This is such a lovely spot at twilight, and happens to be where John captured his award-winning cow photograph several years ago! Once again the cows were the stars of the show – mooing the whole time we were there. We took turns making up names for the cows and “interpreting” their various grunts and groans.

day 2 (Sunday)

Sunday was scheduled to be the last sunny day of their whole visit (spoiler alert: we ended up getting sun at various other points in the week).

We started off the day at church, came home in time for lunch, and then dithered about what to do next. We eventually landed on the perfect solution: pack a picnic supper and head to the beach.

baxter’s harbour

Nova Scotia has SO much coastline, and there are little fishing villages and cottage spots everywhere. One interesting quirk (much like you would find along coastal Maine) – getting between two destinations can take a long time because there is so much twisting and turning to get in and around different points that jut out into the ocean.

Baxter’s Harbour is a little cove we started visiting a few years ago. This Sunday we arrived as the tide was coming in. The Bay of Fundy, where we live, has the highest tides in the world and tide times really do matter!

Can you spot the rainbow?!

We had a wonderful time. The main focal point at this beach is typically a waterfall, but it was more of a strong trickle after our summer of hot weather. My parents set up some folding chairs and watched us explore the rocks. There are huge rock formations to climb and the kids absolutely love this sort of thing.

To access the big climbing rocks, you have to cross over a “riverbed” that becomes exposed at low tide but fills in at high tide. I was very aware of this fact and we made it back across in plenty of time. Another couple was not so lucky. I guess they had been warned about the rising tide levels but ignored the suggestion to stay put. We all sat high on shore and watched them balance phones and dry clothes atop their heads as they swam back across to dry land. It created an unexpectedly funny anecdote from the afternoon.


Scott’s Bay (or Scot’s Bay – it depends what sign you look at, as to the spelling) is another relatively new family favourite. It’s a beautiful inlet close to Cape Split and it’s where we had that wonderful impromptu beach picnic back in late July.

A picnic blanket becomes an excellent windbreaker in a pinch. Once the fire was built, everyone warmed up and it was a near-perfect evening!

It was actually quite a bit windier and cooler than we expected. Usually the bay is very calm, but this particular evening the waves provided a great backdrop to our picnic of hotdogs, chips, and s’mores. I think this ended up being the highlight of the whole “staycation” for most people. It’s such a beautiful spot and the waves and sunset and summer flavours were a winning combination.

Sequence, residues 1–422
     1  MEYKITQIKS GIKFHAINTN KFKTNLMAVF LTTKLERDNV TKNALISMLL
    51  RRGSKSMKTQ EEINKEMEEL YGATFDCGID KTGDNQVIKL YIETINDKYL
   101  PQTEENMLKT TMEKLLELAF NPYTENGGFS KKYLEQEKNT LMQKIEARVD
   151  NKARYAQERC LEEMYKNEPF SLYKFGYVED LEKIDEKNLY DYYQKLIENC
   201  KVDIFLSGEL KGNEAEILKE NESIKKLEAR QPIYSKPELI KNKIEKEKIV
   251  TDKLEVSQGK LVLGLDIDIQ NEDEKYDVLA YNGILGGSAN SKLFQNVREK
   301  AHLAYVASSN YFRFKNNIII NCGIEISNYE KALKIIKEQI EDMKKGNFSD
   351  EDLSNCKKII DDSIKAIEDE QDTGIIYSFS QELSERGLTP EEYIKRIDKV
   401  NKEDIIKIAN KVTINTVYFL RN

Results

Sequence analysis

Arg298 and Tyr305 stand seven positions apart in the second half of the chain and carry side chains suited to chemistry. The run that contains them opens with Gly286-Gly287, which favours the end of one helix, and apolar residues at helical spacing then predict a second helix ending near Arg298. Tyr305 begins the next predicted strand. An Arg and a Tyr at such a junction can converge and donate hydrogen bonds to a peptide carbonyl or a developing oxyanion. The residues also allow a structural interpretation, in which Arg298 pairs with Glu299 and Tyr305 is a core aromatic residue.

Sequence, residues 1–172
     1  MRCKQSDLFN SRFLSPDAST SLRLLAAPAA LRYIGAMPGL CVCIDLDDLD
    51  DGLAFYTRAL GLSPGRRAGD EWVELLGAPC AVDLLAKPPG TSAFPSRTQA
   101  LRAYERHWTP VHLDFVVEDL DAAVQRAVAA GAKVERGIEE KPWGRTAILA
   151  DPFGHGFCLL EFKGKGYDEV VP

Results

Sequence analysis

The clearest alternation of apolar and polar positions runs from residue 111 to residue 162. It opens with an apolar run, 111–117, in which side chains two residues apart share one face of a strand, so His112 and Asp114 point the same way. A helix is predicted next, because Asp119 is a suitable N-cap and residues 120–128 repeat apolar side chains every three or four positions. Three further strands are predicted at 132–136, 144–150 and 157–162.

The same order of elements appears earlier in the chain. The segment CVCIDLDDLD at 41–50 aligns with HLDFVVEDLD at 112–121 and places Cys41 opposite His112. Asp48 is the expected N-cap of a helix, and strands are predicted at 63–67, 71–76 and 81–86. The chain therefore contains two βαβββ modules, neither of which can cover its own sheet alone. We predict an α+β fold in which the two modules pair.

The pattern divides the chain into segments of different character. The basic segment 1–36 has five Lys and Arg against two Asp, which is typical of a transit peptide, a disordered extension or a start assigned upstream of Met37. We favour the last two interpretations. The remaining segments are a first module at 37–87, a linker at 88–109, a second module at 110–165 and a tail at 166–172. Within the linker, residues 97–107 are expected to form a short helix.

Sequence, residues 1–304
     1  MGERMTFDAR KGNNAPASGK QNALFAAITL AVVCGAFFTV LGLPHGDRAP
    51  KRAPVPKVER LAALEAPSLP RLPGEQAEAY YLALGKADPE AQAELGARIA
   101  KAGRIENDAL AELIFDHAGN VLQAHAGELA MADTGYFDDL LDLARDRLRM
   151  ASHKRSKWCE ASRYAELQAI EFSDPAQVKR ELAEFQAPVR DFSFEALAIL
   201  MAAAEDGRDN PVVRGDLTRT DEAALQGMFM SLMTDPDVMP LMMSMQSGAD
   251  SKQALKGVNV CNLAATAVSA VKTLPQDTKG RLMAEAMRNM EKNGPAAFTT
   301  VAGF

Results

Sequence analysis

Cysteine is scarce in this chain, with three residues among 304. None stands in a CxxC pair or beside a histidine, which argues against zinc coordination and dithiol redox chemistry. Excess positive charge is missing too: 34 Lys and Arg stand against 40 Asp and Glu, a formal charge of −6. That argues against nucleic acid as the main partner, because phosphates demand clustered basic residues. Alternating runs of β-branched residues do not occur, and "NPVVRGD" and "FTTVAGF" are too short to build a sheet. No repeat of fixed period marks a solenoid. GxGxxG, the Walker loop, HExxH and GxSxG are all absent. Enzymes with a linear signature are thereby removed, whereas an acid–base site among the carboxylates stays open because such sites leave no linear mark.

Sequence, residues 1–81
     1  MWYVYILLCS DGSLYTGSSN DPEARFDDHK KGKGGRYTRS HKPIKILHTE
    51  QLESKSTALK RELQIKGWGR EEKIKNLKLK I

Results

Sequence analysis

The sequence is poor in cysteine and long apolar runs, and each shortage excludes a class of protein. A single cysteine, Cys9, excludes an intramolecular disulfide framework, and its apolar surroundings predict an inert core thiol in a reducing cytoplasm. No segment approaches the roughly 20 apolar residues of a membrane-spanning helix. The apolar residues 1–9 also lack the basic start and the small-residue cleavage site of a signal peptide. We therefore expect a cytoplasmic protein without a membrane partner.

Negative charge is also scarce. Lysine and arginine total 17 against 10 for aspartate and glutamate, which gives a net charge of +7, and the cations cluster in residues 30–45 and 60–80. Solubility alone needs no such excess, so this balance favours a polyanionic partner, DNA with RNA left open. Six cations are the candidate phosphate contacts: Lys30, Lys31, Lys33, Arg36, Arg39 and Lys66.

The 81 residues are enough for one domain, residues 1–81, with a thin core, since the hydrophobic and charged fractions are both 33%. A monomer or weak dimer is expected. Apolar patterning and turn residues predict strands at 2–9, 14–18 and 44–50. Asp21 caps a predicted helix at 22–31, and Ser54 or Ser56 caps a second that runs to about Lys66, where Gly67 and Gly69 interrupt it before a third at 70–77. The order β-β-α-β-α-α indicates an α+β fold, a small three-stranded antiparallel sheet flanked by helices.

day 3 (Monday)

Monday – Thursday, the kids were in Vacation Bible Camp at our church all morning. This provided some structure to the week and gave the adults time to do some activities solo + get work done.

On Monday, it was calling for rain all afternoon, so my parents, brother, sister-in-law and I headed out first thing.

Annapolis royal

I actually grew up about ten minutes from this town. It’s a beautiful area, steeped in history.

Port Royal, where my childhood home was located, is often called the birthplace of Canada and was one of the first European settlements in North America. Samuel de Champlain landed here in 1605! I grew up visiting the various historic sites in the area, thinking nothing about the charm of it all.

I used to go sliding on the grounds of this fortress (Fort Anne) in the winter. Some of the hills are outrageously steep – very fun as a fearless kid, though I’d likely think twice about hurtling down them now.

We visited my childhood home. I moved away over 23 years ago. It’s odd what things stand out now. For one, it seems so much smaller than I remember. Just walking around outside the house (we know who owns it!) resulted in the strangest combination of sadness and happiness. Being here made me feel like I was seconds away from finding some tiny rip in the space-time continuum where I’d be able to seamlessly slip back into my old life. This didn’t happen of course.

Everything stays the same. Nothing stays the same.

I was most delighted to capture a picture of the old well on the property. Each summer my Dad would obsessively check water levels (it was a hand-dug well); I’d go up with him in the early evening and we’d lower a crowbar to the bottom of the well. When he pulled up the rope, we could access the water depth. My Mom recalled having the well run dry one year when she was in the middle of a load of laundry!